Reviews SectionI enjoyed it, i did 2 tablespoons of lemon and cooked the onions for about an hour. I think the greek yogurt flavor was a little strong.Anonymousseattle, wa06/13/20This was so delicious and so easy. I did have a few problems with my onions burning on the tips so I needed to toss more often.sarahmaeveHouston 06/04/20Mine also turned out quite 'sweet'. I came around to the flavour, but it's definitely not anything like the MSG/salt punch you get from the soup mix kind of dip. Which is totally fine, of course. I roasted my onions and garlic for a bit longer than called for in the recipe until they looked like the gif, so I wouldn't be afraid to go a bit longer if yours still look very blond.AnonymousNew York04/22/20effin bomb recipe. so simple but so satisfying.Made this for a NYE party, and it was a huge hit. The AirBnb I was in didn't have real knives which was a struggle, but I made it work. Onions didn't get chopped as finely as I would have liked, but it was still pretty great. Served it with Ruffles :)AnonymousColumbia, SC01/11/20Love this recipe and just made it for a 2nd time. I've made a couple modifications:1. Instead of a sheet pan, i'm using a Le Crueset 7"x10" rectangular dish. This keeps the onions piled together, and allows water/oil to stay in place. When I used the sheet pan it spread under the parchment paper and made a big mess.2. I used 2 cups of yogurt: Fage 5% is great!3. I increased lemon juice to taste... probably closer to 4/5 tspEnjoy!This was a game-changing caramelized onion technique for me, but my Trader Joe's yogurt was just too sweet up against the sweet onions. I added a ton of pepper to counter it, but next time I'll do sour cream as the base instead.alexbeggsBon Appétit 12/11/19I just made this for Thanksgiving. I followed the directions, mounded the onions, and roasted. I did cover them loosely with foil near the end because they were starting to brown a bit. This is the bomb! I’ve always been a fan of onion dip, but I realized love never had onion dip until now!padams8North Carolina11/27/19I made this for a party and it was great. I tried oven roasting the onions at first but it was taking way too long so I caramelized them in a skillet and kept adding a little water to the pan for about a half hour and they came out great. I made a double batch of this and it was all gone. Will make again. I would rest it for an hour or two.This dip is amazing and so easy to make. I brought this dip to a 4th of July bbq, and it was gone almost immediately! I let the onions caramelize a little longer in the oven than called for to achieve the same color as the pictures in the recipe, but other than that, I made as directed. This is now my go-to potluck/bbq dish.ecowan13Baltimore,MD09/01/19So simple, so satisfying. Tastes even better the next day and makes a delicious spread in a sandwich. Big win!Not a huge hit. Flavors don't really meld together very well and it had a strong onion flavor. Not sure how to fix it, but most enjoyed the dry mix better...sorry. Suggest a revamp of this one.AnonymousCalifornia01/29/19Why doesn't your otherwise informative step-by-step video include what the preamble says is so important: "It's kind of counterintuitive, but you want to keep the onions and garlic in a mound on the sheet pan rather than spreading them out; this allows them to steam and soften without browning too quickly." ?Anonymouspalo alto, ca01/28/19Yes, I will make again, but only because I did not like how the first batch turned out. When I printed the recipe out, the instruction in the intro to this appetizer about mounding up the onions while baking was not included (suggest you add it to the recipe instructions).Result was really tasty, and browned onions, but too strong for the dip in my opinion. Lets just say, I overcooked 'em by spreading them out in the pan, and taking very literally the note that it really didn't matter if some were overcooked. I think the almost crispy browned onions totally overpowered the yogurt. Adding a lot more yogurt and some sour cream did not help much. I salvaged it by mixing it in with store bought onion dip.I wanna try this one again and see if I can tame it down some.hegilliamWashington, DC12/26/18I always make this at least the night before a party to let everything hang out and marry, and it's always the biggest hit on the snack table. Pro-tip: this is phenomenal as the spread on a turkey sandwich.chasspodChicago, IL12/14/18Made this recipe for a party and it was a total hit! First dip to be completely gone. SO much flavor. Loved the tanginess that the yogurt offered. Will be making this again!AnonymousRochester,NY 10/31/18Did a deeper caramelization, and I used a bit more cayanne than called for.... YESSSSS!!!!!Delicious. Onions took longer to roast for me but worth it.AnonymousVictoria, BC08/13/18This dip is delicious and easy to make. The whole family loved it. A definite make again recipe.NatalieKatherineOntario Canada 06/30/18Ended up pretty runny. I added 20 minutes to the cooking time for the onions and they still had a ton of moisture.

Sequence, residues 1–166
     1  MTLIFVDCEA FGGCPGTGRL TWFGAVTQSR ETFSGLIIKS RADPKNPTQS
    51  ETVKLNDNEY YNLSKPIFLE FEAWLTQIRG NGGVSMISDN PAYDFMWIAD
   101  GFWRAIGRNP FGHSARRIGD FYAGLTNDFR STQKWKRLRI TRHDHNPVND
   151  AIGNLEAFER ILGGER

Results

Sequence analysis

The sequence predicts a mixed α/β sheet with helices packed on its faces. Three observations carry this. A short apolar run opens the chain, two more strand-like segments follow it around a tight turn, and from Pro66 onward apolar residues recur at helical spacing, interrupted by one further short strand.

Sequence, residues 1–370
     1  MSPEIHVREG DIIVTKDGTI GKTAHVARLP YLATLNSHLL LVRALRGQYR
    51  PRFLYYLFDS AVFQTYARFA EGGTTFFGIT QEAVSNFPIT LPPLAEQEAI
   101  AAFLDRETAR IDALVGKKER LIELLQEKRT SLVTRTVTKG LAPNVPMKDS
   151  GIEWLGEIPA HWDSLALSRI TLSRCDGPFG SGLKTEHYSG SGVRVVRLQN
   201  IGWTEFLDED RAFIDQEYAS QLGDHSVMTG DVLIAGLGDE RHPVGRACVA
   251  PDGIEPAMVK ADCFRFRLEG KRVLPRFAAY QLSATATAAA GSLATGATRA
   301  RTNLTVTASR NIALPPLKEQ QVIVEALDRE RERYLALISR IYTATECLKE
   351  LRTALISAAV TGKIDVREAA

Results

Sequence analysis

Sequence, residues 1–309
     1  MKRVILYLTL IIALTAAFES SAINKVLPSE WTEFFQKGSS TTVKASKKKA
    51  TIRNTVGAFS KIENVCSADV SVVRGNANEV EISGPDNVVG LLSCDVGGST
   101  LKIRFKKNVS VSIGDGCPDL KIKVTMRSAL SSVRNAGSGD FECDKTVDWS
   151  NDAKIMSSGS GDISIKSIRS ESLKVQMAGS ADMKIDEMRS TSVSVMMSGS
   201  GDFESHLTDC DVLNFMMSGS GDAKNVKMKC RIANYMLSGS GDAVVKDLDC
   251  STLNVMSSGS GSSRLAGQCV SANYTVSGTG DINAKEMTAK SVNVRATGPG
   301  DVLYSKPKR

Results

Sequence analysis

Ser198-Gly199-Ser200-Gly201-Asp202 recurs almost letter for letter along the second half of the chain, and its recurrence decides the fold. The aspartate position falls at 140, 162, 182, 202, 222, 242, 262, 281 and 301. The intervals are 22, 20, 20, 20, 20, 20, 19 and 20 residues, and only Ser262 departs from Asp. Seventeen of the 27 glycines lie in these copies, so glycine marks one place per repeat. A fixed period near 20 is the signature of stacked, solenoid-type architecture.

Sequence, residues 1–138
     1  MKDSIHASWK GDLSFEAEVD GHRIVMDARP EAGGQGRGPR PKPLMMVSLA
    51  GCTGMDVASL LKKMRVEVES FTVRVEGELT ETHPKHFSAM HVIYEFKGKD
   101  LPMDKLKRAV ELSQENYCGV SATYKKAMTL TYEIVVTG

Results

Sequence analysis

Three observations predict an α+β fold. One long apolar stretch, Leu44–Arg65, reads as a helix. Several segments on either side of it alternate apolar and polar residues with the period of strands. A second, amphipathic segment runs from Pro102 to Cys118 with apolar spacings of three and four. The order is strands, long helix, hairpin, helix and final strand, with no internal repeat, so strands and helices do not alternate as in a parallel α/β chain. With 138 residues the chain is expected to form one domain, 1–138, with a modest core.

Recipe Summary